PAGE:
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Saturday, February 19, 2011

The Wind Is Blowing

I wrote this as a Guest Blogger for Faith Ahiaba.


There’s something in the air.  A really strong wind it is. Like the biblical David it has taken on the largest of forces and weakened them in the knees. No one is immune to this wind, the wind of revolution. 

“The passive resistance has to come to an end. People must step out and make a difference. People must be willing to take a risk. We all have to rally and fight this abuse of privileges by our leaders. No more talking in bars and barbershops. The time is now. We are the only ones who can make the difference. Enough with all the talk. Action speaks louder than words.”

That was from a post on my blog on the 2nd of February 2010 about Nigeria, a country I love passionately. However, the snail pace at which its progress has crawled over the past years is adequate cause for concern. One of my long held beliefs is that Nigeria needs a Revolution in the mould of Jerry Rawlings in nearby Ghana

Rawlings
Jerry Rawlings, then a military officer led a group of junior officers in a military coup d’ etat against the incumbent administration. Like Adolf Hitler’s attempt to seize power with the Munich putsch of 1923, the mission was unsuccessful and they were arrested and imprisoned. Like Hitler too, the situation wasn’t entirely a loss. Their reputations soared and they were viewed as patriotic characters. That’s as far as the parallels with Hitler go.

Before his execution, a group of junior officers in the Army carried out their own coup. They were successful and installed Rawlings as their leader. This was in the year 1979. Rawlings might have taken a while in finding his feet but he was able to steer Ghana comfortably and organise the elections that heralded John Kuffour who takes the title of being arguably the best African President since Nelson Mandela.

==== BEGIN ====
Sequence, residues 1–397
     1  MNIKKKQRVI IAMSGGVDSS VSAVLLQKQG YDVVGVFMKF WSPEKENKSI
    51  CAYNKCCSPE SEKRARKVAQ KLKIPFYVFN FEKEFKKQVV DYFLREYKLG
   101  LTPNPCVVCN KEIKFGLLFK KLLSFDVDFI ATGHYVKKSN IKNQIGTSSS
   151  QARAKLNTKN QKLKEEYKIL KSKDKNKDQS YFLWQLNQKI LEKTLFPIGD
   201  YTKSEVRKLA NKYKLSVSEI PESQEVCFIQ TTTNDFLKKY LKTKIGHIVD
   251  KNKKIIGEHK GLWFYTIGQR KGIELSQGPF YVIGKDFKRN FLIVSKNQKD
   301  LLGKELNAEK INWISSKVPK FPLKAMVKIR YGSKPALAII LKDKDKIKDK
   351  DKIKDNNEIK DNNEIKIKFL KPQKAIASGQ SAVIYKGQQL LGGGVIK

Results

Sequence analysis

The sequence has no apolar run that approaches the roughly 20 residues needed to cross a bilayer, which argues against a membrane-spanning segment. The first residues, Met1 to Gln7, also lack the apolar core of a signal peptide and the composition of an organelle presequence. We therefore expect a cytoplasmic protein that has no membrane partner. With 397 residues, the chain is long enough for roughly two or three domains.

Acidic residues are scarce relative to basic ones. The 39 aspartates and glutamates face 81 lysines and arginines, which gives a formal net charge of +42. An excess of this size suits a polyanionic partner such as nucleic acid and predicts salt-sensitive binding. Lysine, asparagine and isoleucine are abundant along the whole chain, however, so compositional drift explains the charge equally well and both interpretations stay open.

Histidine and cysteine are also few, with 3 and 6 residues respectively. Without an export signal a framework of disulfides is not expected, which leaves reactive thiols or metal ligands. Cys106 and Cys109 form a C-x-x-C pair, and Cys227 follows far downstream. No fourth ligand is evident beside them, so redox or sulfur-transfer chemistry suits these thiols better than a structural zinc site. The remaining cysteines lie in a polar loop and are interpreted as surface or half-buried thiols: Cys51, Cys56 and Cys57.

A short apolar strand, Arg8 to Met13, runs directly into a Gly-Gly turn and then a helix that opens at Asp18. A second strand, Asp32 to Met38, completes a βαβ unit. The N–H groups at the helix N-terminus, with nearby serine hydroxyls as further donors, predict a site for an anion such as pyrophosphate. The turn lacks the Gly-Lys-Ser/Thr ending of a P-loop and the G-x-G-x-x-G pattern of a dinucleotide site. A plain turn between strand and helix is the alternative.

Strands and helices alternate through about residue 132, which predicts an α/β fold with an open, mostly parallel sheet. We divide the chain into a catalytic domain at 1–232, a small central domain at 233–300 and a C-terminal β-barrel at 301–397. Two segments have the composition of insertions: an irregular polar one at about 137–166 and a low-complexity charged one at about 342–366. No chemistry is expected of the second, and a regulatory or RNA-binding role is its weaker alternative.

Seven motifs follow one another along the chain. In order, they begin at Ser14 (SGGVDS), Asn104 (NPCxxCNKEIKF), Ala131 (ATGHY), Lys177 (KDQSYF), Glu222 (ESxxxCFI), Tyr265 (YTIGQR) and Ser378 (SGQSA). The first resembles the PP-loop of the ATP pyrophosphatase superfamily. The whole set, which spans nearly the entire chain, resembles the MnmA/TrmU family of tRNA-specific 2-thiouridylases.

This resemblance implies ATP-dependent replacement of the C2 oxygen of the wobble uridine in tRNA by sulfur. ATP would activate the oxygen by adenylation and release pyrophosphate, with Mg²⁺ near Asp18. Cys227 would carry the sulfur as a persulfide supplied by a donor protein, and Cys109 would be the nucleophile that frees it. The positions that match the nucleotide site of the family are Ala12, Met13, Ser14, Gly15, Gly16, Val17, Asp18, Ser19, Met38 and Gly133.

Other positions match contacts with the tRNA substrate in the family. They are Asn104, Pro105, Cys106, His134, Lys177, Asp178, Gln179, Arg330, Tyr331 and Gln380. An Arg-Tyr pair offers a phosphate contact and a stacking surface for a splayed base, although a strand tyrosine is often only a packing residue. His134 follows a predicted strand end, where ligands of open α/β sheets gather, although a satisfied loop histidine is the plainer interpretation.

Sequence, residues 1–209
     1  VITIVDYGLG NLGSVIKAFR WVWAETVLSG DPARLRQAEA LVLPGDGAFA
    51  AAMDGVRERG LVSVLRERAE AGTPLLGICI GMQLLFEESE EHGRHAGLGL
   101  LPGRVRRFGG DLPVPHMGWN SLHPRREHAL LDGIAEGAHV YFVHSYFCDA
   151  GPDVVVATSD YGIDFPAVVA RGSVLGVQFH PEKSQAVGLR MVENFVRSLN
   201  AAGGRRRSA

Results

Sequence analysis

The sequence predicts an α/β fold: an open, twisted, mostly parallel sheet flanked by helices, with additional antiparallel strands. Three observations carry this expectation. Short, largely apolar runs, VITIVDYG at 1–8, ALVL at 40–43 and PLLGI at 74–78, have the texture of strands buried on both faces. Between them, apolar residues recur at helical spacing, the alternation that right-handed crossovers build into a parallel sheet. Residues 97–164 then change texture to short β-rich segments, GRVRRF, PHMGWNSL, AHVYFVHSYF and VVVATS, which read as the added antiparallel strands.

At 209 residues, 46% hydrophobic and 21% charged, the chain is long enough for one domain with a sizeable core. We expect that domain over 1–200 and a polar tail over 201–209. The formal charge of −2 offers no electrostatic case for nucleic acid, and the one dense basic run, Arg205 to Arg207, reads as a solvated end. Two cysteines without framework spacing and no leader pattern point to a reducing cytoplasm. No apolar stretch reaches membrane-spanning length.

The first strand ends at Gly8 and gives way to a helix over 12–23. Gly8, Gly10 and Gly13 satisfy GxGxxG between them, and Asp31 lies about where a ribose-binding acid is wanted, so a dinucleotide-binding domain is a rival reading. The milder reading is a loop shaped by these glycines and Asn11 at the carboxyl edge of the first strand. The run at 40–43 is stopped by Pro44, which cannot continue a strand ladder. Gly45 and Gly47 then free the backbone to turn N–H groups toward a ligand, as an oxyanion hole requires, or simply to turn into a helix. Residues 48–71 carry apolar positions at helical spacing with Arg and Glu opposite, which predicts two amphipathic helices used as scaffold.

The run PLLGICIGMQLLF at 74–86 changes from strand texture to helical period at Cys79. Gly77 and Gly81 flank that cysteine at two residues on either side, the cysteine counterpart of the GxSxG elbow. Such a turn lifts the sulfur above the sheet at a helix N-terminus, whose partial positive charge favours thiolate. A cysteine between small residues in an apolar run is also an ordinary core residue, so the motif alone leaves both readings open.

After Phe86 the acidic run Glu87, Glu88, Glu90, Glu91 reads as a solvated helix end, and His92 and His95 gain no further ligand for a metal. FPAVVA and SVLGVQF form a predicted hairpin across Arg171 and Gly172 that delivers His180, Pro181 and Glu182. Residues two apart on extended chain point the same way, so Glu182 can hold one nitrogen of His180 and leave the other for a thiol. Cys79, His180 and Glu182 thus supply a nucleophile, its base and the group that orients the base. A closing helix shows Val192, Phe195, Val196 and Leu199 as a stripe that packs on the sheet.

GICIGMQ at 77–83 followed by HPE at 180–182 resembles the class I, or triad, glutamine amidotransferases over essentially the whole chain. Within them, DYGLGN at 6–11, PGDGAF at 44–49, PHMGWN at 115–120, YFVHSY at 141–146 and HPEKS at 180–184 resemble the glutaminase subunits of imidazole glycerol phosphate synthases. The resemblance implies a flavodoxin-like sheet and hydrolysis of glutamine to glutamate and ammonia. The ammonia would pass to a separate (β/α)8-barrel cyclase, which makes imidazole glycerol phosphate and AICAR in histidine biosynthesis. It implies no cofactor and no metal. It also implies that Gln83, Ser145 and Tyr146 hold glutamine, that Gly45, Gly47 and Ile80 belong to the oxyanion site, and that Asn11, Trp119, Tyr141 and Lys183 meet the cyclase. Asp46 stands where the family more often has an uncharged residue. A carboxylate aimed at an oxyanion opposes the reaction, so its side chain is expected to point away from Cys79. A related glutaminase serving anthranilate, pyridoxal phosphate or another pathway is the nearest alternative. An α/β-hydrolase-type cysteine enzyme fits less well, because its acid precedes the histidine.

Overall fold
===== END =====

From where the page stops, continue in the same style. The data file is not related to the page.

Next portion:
The mother and sister of Bouazizi

Fast forward to 2011. The Revolution wind is blowing. It’s fast and furious. First off, The North African country, Tunisia. The ‘Tunisian Revolution’ was instigated by the suicide protest of a 16 year old boy, Mohammed Bouazizi as a way of addressing harassment from authorities. This inspired the people of Tunisia to protest their predicament at the hand of their leader, Zine al-Abidine Ben Ali. The protests were so violent that Ben Ali fled the country. With the ousting of Ben Ali, an interim government has been put in place to ensure Tunisia’s progression

Ben Ali
Next stop, nearby Egypt. Citizens frustrated with the state of affairs under the 30 year tyranny of Hosni Mubarak sought to express their displeasure by protesting. The initial peaceful agitation has turned violent as pro government forces have tried unsuccessfully to contain it.

Mubarak
So far, the protests have extracted promise from Mubarak not to contest in September, forced him to appoint a vice president, replace the prime minister in a contrite move to assuage the people.  Whether this would be enough is the guess of current history.


If anyone ever doubted the much maligned principle of ‘People Power’, the events of the last days serve as evidence to contradict their views. One factor of major significance in influencing the Tunisian and Egyptian Revolutions is the use to which Social Media have been put. Employing such platforms as  Facebook and Twitter  to coordinate the resistance, these North Africans have been putting their views across to the world at large. They have won sympathetic ears in the U.S and Europe, who have joined their call for urgent reasons.

For Nigeria, the year 2011 determines what’s next and which direction the country’s headed. After so many years of military misrule, the democratic dispensation ushered in 1999 has faced some hiccups, particularly, the credibility of the 2007 elections. In April, this year, elections shall hold. How far Nigeria goes is dependent  on how the elections go. If they go the way of the 2007 elections, I’m pretty sure that the legion of Nigerians on Twitter and Facebook, would be willing to allow the wind that has blown North Africa into our shores. Our leaders better take note, the people are tired of flagrant disregard for due process, absence of internal democracy in the political parties. They will do all they can do to ensure that impunity ends in governance. If they desist, they stand the risk of being blown away by the wind of change.



 P.S I’m anti violence but do recognize that it could become the last resort if things don’t go the way they should. This is to clear up any misinterpretation of the Jerry Rawlings allusion as me supporting violence.
Also this piece was written before Mubarak’s departure as Egyptian leader and also before the wind reached Algeria.



Kindly check out: Aisha Modibbo

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